Kelly Brandenburg, MJLST Staffer
The Lanham Act, which is the federal statute that governs trademarks, had a disparagement clause, that prohibited the registration of a trademark “which may disparage . . . persons, living or dead, institutions, beliefs, or national symbols, or bring them into contempt, or disrepute.” This provision has been the focal issue in several cases over the years, but was finally brought up to the Supreme Court of the United States (“SCOTUS”) which decided that the clause was unconstitutional.. In that case, Matal v. Tam, an Asian-American dance-rock band with the name “The Slants” was originally denied trademark protection on their name because “slant” is a derogatory term for people of Asian descent. In the end, the Court found the disparagement clause violated the free speech clause of the First Amendment. The Court said the clause violated the basic principle of the First Amendment that “speech may not be banned on the ground that it expresses ideas that offend.”
This decision had a significant impact on a well-known case involving the Washington Redskins. The team had six trademarks that were cancelled by the Trademark Office in 2014, but after the Matal decision, the U.S. Court of Appeals for the Fourth Circuit vacated that prior decision since the disparagement clause was the basis for the Native American’s argument to revoke the Redskin registrations.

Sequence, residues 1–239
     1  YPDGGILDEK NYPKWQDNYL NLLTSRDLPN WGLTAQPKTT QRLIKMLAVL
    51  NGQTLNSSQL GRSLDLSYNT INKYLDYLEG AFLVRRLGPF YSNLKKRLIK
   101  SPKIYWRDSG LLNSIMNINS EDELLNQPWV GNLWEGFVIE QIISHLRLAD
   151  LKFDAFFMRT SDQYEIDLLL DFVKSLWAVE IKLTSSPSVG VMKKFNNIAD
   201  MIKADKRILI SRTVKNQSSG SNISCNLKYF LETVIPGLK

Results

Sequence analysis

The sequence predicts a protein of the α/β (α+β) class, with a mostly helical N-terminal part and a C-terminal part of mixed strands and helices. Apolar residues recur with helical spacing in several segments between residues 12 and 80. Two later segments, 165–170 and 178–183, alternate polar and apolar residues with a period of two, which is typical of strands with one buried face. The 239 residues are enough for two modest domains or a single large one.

Currently, there is a case awaiting a Supreme Court hearing that discusses a closely related topic. In re Brunetti involves a trademark for the word “Fuct,” which is the name of a clothing brand. The Trademark Trial and Appeal Board found the word to be “vulgar,” which violates the immoral or scandalous provision of the same statute that was at issue in Matal. The case was appealed and the Federal Circuit upheld the rejection of the registration. The ruling in Matal was discussed as an argument for the immoral or scandalous clause being unconstitutional, but the Court decided the case without addressing the constitutionality of the clause; instead, it determined that the word “impermissibly discriminates based on content in violation of the First Amendment,” and is therefore not registerable. However, SCOTUS granted certiorari in the case and depending on how the Court defines the word, it will potentially have to address the constitutionality of the immoral or scandalous provision. An argument was made at the Federal Circuit that the immoral or scandalous clause would be constitutional because, unlike the disparagement clause, this clause is “viewpoint neutral.” This argument was not addressed by the Federal Circuit, but could potentially be addressed in the upcoming SCOTUS hearing. If so, will SCOTUS find enough of a difference between the disparagement clause and the immoral or scandalous clause to consider it constitutional, or will the same free speech issues be present? The oral argument is scheduled for April 15, 2019, so stay tuned!